This is my second in a series on design features of Mercury Racing’s QC4v engine.
Torque on our new 1350 is Monster! It rises fast, from 700 rpm idle, and is flat at 1,370 lb-ft from 2,500 to 5,250 rpm and generating 1,350 peak horsepower, before tailing off toward a red line of 6,500. On 91 octane pump gas, not race fuel. Whoa!
In other words: Big Fat Monster Torque is more than sufficient to lift the nose of a 48 MTI catamaran, carry it all the way through a hard turn and still plant everybody firmly in their seats for an extended period of acceleration. Just ask my friend, Randy Scism, owner of Marine Technology Inc., about his first test session before the Ft. Lauderdale Boat Show. (Or read, elsewhere on this Blog: MTI Spooled Up!)
Big Fat Monster Torque is born in the inlet system: Air enters the engine via filters (dressed in sensuous carbon fiber) on its way to the compressor section of each turbo. From both turbo compressors, air is driven into a common plenum chamber.
Because the air is now compressed, it’s at higher pressure and temperature than the air outside. Temperature drops as the air passes through an intercooler and exits to the cool side of the plenum. The plenum is modulated to a constant pressure by computer operated valves.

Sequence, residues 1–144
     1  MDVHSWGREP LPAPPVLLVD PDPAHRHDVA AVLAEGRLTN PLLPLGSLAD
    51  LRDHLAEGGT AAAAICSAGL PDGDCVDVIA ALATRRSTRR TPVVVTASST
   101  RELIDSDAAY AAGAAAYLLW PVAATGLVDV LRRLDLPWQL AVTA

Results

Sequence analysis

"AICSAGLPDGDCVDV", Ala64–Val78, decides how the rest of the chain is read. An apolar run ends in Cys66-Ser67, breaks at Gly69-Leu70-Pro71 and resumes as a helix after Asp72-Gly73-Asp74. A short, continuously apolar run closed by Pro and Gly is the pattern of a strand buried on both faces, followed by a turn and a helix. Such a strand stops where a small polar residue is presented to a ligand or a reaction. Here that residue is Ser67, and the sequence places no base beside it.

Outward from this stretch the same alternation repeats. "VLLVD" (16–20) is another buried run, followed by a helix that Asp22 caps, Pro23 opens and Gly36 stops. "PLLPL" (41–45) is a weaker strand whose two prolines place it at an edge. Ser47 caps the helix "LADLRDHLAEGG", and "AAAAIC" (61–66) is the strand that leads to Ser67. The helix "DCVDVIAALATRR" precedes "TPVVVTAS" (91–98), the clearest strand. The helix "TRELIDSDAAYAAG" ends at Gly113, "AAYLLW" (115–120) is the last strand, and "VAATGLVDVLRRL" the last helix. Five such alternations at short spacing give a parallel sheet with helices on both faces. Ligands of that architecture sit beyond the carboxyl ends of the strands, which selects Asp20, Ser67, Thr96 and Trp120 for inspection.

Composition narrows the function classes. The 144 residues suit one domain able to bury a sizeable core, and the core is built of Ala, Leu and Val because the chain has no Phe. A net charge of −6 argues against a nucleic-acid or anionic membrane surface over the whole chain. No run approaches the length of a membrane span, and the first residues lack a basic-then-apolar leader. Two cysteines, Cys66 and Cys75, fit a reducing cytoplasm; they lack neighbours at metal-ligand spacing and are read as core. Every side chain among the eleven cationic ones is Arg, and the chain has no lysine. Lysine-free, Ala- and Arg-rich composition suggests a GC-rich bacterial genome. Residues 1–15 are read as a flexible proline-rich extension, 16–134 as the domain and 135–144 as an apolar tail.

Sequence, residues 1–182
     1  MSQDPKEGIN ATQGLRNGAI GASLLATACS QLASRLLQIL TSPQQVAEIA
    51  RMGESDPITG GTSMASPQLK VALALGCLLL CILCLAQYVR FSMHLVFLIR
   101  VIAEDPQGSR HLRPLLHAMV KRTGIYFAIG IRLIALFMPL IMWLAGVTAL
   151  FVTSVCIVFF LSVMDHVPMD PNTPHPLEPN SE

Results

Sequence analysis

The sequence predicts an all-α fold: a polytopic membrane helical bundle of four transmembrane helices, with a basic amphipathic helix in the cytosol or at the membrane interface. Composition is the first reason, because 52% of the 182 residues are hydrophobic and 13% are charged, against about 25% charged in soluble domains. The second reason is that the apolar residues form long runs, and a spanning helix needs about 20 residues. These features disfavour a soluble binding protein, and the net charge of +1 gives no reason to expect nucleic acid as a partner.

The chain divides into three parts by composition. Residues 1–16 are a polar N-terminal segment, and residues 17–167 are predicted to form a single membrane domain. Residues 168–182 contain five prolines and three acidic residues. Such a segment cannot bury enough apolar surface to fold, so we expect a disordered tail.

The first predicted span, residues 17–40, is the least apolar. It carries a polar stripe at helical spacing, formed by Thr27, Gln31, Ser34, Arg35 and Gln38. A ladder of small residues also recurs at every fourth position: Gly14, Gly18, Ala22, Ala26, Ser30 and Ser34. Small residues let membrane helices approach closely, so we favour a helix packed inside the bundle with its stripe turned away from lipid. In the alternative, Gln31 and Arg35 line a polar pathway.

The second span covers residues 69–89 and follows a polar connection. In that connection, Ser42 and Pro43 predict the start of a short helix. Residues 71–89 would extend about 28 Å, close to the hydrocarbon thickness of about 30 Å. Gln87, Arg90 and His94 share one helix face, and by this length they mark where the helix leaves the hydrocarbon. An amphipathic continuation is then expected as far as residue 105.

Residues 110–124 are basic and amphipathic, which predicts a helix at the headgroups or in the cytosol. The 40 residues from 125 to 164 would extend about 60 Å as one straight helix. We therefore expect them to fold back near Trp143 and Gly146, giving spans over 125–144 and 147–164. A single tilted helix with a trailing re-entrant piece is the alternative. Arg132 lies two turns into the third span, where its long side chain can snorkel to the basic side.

Leaving the plenum, air flows through twin throttle bodies (also computer operated – drive by wire) and into a crossover chamber. The crossover balances and feeds air to each bank of intake manifolds.
Inlet manifolds feed air down eight individually tuned runners, through timed fuel injector sprays (again, computer operated), around inlet valves, and into combustion chambers where it will meet a violent transformation into Big Fat Monster Torque!
Mercury Racing’s pressurized intake system is different. How? Small-increment, boost pressure modulation. We don’t use a simple turbo “waste gate” to dump overpressure. Conventional boost control methods don’t apply. Rather, QC4v retains “pressure on tap” by monitoring internal pressures, temperature, rpm and throttle position as well as outside atmospheric conditions – to control plenum pressure within a narrow range. This assures optimal performance and virtually no turbo response lag. Also, unlike supercharged engines, the pressure map is non-linear: Available pressure isn’t belted directly to the crankshaft, so it isn’t rpm dependent.
From there, the intake of QC4v is somewhat conventional: tuned intake manifolds distribute air evenly to each intakerunner– because each “hole” has to deliver its share of the work.
Properly executed new technology and exceptional design results in engine with breathtaking “feel” and unbelievable punch. This never gets old!